The US Senate has voted to revive discussion of a wide-ranging plan for immigration reform.
The bill is supported by President George W Bush, who has said the issue is at the top of his domestic agenda.
The legislation would bring in tighter border controls but offer 12m illegal immigrants a path to citizenship.
Efforts to secure Congressional approval have been stalled for many months, because of opposition from both Republicans and Democrats.
Senators voted 64-35 to resume debate on the compromise legislation, which was put together by both parties and the White House.
However, it faces a bumpy ride in the next few days as leaders from both parties try to push it through before Friday, when the Senate will break for a week-long recess, correspondents say.
Senate leaders have added an extra $4.4bn (£2.2bn) funding for border security in an attempt to overcome Republican opposition.
Democratic Senator Edward Kennedy, one of the backers of the bill, said the vote to revive debate “was a major step forward for our national security, for our economy and for our humanity”.
However, Republican Senator Jim DeMint warned the measure would continue to face stiff opposition from some senators, many of whom are under pressure from conservative voters to block its progress.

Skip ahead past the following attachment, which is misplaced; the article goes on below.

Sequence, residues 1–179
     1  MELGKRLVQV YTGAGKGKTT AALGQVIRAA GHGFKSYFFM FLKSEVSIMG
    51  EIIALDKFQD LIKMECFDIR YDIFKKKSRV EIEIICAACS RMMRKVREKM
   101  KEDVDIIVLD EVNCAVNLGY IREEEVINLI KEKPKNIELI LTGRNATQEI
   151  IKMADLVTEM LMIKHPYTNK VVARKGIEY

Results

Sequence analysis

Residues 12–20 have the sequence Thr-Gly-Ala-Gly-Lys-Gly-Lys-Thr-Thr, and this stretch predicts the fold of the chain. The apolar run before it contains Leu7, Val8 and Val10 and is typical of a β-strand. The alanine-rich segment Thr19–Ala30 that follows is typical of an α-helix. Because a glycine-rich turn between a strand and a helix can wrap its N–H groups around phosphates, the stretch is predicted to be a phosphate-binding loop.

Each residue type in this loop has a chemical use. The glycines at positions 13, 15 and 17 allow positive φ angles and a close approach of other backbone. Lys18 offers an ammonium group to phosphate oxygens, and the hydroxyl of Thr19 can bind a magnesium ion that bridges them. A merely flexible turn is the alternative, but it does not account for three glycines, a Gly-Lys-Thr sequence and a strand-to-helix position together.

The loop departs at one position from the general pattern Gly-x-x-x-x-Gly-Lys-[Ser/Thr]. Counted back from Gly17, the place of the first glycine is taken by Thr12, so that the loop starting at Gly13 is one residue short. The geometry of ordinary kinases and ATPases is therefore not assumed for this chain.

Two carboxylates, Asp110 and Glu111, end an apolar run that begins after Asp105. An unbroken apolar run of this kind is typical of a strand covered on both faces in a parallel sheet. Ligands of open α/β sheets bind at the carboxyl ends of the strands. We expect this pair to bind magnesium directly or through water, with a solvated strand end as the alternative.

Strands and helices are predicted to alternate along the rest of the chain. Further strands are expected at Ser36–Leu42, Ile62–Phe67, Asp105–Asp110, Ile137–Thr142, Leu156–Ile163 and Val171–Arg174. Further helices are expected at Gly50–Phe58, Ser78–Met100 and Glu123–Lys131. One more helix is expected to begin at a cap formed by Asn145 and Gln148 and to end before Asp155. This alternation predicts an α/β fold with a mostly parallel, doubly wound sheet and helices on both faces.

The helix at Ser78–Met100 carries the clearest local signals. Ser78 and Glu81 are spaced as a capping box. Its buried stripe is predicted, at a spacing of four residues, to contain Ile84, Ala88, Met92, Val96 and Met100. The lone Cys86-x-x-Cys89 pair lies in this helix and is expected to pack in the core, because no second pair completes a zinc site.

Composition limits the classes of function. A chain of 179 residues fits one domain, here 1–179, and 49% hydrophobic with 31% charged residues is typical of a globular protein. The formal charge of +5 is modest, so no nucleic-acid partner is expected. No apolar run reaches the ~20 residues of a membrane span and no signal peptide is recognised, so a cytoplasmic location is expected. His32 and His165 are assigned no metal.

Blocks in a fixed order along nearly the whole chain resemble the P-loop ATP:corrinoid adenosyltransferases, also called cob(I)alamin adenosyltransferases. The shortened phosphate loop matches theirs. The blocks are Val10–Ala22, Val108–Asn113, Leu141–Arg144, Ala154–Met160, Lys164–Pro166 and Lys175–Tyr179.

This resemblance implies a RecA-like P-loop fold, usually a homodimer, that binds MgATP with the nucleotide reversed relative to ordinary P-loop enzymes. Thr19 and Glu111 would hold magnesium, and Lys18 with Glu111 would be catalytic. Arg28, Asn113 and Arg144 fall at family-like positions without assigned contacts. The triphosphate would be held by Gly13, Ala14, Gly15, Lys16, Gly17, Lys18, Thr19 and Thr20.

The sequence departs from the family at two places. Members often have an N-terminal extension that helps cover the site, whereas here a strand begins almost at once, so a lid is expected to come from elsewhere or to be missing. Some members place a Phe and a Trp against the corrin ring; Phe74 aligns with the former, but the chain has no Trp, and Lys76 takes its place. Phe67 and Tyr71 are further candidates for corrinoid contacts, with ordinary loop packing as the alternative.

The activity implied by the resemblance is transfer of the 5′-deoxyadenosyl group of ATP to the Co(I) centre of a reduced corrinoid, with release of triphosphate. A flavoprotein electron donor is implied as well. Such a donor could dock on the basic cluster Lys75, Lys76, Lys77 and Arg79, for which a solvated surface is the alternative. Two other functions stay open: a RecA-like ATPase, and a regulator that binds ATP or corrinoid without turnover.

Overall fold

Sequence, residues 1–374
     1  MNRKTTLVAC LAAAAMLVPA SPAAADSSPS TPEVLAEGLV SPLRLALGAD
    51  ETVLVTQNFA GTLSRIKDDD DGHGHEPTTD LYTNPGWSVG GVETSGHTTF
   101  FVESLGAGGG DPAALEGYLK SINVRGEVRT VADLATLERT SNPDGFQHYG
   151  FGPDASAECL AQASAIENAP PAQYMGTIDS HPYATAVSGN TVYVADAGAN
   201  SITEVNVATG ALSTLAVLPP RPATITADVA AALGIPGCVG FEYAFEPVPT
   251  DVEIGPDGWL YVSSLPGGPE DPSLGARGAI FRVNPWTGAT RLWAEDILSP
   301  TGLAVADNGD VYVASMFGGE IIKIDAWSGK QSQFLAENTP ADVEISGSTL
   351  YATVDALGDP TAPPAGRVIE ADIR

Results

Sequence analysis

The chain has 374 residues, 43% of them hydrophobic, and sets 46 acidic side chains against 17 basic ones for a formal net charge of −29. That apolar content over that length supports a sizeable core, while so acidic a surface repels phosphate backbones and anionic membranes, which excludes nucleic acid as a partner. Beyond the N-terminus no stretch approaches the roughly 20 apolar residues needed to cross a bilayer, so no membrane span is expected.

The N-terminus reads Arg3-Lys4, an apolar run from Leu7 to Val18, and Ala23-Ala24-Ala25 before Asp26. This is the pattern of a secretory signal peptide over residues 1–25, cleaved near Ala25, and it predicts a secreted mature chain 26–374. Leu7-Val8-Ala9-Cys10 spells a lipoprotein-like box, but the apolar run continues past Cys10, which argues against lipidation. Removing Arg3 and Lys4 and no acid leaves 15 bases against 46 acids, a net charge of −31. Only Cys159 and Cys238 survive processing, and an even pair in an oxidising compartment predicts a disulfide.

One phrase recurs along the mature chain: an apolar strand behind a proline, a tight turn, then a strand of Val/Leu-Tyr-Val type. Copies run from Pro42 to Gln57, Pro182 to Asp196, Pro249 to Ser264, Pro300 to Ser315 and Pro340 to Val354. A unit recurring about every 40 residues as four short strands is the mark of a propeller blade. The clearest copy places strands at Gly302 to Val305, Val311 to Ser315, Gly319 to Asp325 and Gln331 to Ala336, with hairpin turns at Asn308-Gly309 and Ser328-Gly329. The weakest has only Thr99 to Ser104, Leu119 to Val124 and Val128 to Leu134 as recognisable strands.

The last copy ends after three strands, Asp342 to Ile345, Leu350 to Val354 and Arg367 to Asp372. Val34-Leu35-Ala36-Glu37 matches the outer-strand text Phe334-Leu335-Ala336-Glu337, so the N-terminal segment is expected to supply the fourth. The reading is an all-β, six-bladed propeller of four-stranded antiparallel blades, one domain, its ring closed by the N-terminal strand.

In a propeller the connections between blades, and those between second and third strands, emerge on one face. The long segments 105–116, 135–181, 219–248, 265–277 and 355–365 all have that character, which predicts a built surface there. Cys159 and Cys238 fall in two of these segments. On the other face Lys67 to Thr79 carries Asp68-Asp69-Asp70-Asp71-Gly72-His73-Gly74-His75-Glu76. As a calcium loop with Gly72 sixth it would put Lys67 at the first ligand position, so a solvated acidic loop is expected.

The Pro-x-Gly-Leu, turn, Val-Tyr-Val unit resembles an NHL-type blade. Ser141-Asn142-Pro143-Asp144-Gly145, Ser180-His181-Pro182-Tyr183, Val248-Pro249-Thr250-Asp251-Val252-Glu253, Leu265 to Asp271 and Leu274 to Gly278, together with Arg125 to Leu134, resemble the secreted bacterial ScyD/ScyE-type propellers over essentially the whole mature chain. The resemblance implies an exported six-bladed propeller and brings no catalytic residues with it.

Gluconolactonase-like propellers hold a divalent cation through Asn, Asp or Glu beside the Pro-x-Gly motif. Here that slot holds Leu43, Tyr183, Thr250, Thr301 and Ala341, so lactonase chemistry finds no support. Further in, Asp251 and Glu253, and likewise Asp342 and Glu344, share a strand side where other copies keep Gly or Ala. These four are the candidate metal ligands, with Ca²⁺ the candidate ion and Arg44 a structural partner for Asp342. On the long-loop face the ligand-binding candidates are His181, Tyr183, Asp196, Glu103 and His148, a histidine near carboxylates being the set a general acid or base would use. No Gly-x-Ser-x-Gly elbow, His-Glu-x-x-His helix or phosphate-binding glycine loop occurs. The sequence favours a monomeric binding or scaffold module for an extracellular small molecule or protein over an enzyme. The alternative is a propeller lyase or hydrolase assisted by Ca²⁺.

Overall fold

“The momentum against this bill is growing all across the country,” he said.
The bill faltered earlier this month when it failed to win the backing of enough Republicans to move to a final vote.
Mr Bush responded with a personal appeal to his party to back the legislation, attending a Republican policymakers’ luncheon on Capitol Hill to press his point.
Speaking ahead of Tuesday’s vote to resume debate, he urged Congress not to miss a “historic opportunity” to reform a system that was not working.
The deadlock followed a series of amendments to the proposed bill, which undermined the fragile bipartisan compromise.
Illegal immigration is among voters’ top concerns and is set to be a key issue in the 2008 presidential poll.
Under the proposed Senate bill, illegal immigrants would be able to seek a renewable “Z visa” after paying a $5,000 (£2,530) fine.
They could ultimately be placed on the path to permanent residency—a process that could take several years.
The bill also set out a “points system” that emphasises immigrants’ education, language and job skills over family connections in awarding green cards.
But these measures would not come into force until 18,000 new border guards are deployed, the fence with Mexico reinforced and hi-tech surveillance put in place.
Some critics have labelled it an “amnesty” for those who have illegally entered the US.
Others have argued that its guest worker programme threatens US workers, or that it will create an underclass of cheap foreign labourers.